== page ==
Djali eventually moves back to more natural surrounds, with a series of female spirits guiding him to his culture, law and people. The film comes full circle on the coast, Sydney’s famous cityscape united with the wider ecology inside a larger visual frame. So, although Spear can be considered a narrative film with a beginning, middle and end, the precise nature of this narrative is not made explicit or literal. What we see is a coming-of-age story that simultaneously explores Indigenous masculinity, as part of the still-evolving dance-film canon.
Hitting the stage
As with many independent films, Spear’s distribution strategy began at film festivals, thereby pitching it to a traditional arthouse audience, before proceeding to a limited release in select ‘niche’ theatres. The 2015 Toronto International Film Festival played Spear in its ‘Discovery’ section, which gives audiences new experiences of world cinema and identifies directors to watch out for. Shortly after, the Adelaide Film Festival – having provided some production finance as part of its HIVE Fund program, in partnership with the Australia Council for the Arts, ABC Arts and Screen Australia – presented Spear’s Australian premiere as a gala screening in the filmmakers’ presence.
Beginning with film festivals was a riskier proposition than it may have seemed. Time-pressed screen critics can be notoriously sceptical of left-of-centre fare, and The Hollywood Reporter claimed that ‘more attendees at the first press-and-industry screening [at Toronto] walked out than stayed to the end’. That first review went on to describe Spear as ‘[b]eautiful but baffling […] it will impress initiates of the dance-on-camera scene but have little reach to other [audiences].’John DeFore, ‘Spear: TIFF Review’, The Hollywood Reporter, 11 September 2015, <http://www.hollywoodreporter.com/review/spear-tiff-review-822273>, accessed 23 May 2016.Variety’s Eddie Cockrell was better able to make himself available to the film’s open-ended emotional drifts, describing the film as surmountably challenging to those willing to understand it – or, rather, willing to not understand it literally:
Audiences attuned to the film’s wavelength will respond fervidly, while distribs in search of something thematically unique and stylistically bold will take note. The film’s Toronto world preem should accomplish these tasks, gambolling the film to further fest play and beyond.Eddie Cockrell, ‘Toronto Film Review: Spear’, Variety, 11 September 2015, <http://variety.com/2015/film/festivals/toronto-film-review-spear-1201590916/>, accessed 23 May 2016.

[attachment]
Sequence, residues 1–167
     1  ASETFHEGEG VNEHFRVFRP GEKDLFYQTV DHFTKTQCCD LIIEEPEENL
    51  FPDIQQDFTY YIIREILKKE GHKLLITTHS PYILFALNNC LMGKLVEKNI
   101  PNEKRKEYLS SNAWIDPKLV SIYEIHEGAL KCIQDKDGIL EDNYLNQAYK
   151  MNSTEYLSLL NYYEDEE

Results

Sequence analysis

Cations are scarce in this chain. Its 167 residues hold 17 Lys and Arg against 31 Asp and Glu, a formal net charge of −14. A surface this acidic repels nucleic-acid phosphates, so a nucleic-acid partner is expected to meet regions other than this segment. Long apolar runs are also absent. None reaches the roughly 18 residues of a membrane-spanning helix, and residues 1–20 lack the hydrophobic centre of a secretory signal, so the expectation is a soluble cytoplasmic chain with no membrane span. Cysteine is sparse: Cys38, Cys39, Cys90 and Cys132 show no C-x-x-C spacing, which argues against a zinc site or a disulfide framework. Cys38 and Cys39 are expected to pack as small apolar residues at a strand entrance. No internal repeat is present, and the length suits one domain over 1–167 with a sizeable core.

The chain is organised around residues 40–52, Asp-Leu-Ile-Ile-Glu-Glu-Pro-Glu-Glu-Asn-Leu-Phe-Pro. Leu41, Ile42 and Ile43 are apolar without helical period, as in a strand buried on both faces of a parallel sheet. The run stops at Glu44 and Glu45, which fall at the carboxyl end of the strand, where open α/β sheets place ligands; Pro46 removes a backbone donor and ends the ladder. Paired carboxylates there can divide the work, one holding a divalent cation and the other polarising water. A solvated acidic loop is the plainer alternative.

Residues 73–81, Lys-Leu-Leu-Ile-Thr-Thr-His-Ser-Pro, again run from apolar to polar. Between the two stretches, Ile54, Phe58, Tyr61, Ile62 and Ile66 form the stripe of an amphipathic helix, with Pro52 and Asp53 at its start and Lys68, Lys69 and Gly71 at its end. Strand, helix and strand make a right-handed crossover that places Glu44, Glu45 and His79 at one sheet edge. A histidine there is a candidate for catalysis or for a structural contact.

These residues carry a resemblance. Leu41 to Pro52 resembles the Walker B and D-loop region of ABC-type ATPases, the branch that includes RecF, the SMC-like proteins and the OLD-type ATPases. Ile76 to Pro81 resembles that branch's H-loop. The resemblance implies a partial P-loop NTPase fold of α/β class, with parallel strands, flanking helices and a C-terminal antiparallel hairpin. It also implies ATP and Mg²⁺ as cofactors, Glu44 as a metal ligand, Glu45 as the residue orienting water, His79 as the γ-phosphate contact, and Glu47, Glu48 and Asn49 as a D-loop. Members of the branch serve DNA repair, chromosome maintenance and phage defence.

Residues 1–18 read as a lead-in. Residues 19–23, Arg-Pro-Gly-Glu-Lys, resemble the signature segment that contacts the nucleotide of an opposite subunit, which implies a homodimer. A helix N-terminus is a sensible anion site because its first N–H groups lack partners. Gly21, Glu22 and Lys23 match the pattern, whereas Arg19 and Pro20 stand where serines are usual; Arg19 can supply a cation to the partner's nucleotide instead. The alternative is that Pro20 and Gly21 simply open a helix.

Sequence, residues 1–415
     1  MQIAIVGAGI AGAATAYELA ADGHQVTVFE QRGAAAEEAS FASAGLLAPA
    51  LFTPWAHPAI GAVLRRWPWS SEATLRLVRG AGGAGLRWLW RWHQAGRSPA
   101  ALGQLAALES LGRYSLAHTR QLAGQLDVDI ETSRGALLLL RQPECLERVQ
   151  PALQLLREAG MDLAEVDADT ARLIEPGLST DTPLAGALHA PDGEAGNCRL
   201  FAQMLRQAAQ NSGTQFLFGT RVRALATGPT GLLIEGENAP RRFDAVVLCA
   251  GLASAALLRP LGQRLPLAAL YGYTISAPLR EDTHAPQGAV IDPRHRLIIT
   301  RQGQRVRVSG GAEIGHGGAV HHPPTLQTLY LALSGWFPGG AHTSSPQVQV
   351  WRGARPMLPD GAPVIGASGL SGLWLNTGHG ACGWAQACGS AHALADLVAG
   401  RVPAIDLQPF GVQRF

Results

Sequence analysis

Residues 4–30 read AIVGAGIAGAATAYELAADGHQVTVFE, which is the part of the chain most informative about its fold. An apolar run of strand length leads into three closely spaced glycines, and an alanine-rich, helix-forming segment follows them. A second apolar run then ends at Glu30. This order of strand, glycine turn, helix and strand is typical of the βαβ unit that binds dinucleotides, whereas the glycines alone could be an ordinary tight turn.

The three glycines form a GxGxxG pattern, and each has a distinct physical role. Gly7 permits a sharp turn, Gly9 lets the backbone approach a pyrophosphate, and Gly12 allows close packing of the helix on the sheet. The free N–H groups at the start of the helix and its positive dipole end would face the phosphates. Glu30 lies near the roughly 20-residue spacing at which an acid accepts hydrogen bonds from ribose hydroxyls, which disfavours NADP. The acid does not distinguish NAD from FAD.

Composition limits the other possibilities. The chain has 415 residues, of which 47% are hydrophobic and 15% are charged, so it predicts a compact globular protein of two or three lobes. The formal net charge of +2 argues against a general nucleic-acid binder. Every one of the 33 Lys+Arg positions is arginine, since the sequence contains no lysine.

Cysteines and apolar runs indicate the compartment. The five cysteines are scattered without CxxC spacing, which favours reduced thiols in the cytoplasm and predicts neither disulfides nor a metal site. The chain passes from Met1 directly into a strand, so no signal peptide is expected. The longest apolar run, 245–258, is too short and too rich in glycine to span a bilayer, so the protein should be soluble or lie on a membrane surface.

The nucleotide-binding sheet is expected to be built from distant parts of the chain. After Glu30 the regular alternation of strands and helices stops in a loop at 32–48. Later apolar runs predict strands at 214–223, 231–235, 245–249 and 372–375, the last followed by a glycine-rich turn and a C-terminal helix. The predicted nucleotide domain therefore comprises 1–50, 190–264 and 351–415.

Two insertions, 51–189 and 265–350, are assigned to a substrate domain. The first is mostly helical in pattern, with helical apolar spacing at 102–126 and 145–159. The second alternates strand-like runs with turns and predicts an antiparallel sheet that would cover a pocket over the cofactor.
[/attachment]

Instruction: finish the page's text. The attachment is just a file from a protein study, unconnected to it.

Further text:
Reviews ranging from radiant to softly positive then followed in The Guardian,Luke Buckmaster, ‘Spear Review – a Weird, Wonderful Milestone of a Dance Movie’, The Guardian, 19 October 2015, <http://www.theguardian.com/film/2015/oct/19/spear-review-a-weird-wonderful-milestone-of-a-dance-movie>, accessed 23 May 2016.The Sydney Morning Herald,Jill Sykes, ‘Bangarra’s Spear Review: From Top End to Top of the Town’, The Sydney Morning Herald, 26 January 2016, <http://www.smh.com.au/entertainment/bangarras-spear-review-from-top-end-to-top-of-the-town-20160125-gmd874.html>, accessed 23 May 2016. The AustralianDavid Stratton, ‘Reviews: Eye in the Sky; Spear; London Has Fallen’, The Australian, 19 March 2016, <http://www.theaustralian.com.au/arts/review/reviews-eye-in-the-sky-spear-london-has-fallen/news-story/161a34d2438618e4353a4defbadd15cf>, accessed 23 May 2016. and younger, more niche presses like Junkee.Emma Jukić, ‘Introducing Spear: A Must-see Film About Indigenous Experience in Modern Australia’, Junkee, 10 March 2016, <http://junkee.com/introducing-spear-must-see-film-indigenous-experience-modern-australia/74560>, accessed 23 May 2016.
The launch for Spear’s limited release this year took a different tack: distributor CinemaPlus opted to premiere at the Sydney Festival, a large mainstream interdisciplinary arts event held in January. Rather than screening at a commercial cinema, Spear was shown to an art-inclined audience in a traditional dance space – Bangarra’s home theatre – at the Opera House, just downstream from Cockatoo Island. At this event, Page told the audience:
What I didn’t want to do was forget the integrity of an audience watching a Bangarra film live, and how to take the spirit of that and put it into the medium of celluloid. I wanted to make sure that spirit continued on […] to cross that over into film. It’s deliberate: it’s the film I wanted to make, and I’m so proud that I stuck to that form and that idea.
Producer John Harvey then made a personal plea: ‘It’s a small film, and it really does depend on word of mouth from you.’ A month later, Spear would be taken beyond ready-made spaces altogether, and presented to an Indigenous audience during an open-air screening in the Northern Territory. ‘We’ve got a blow-up theatre screen,’ Page had said at the Sydney Festival. ‘We’ll give Spear back to the community.’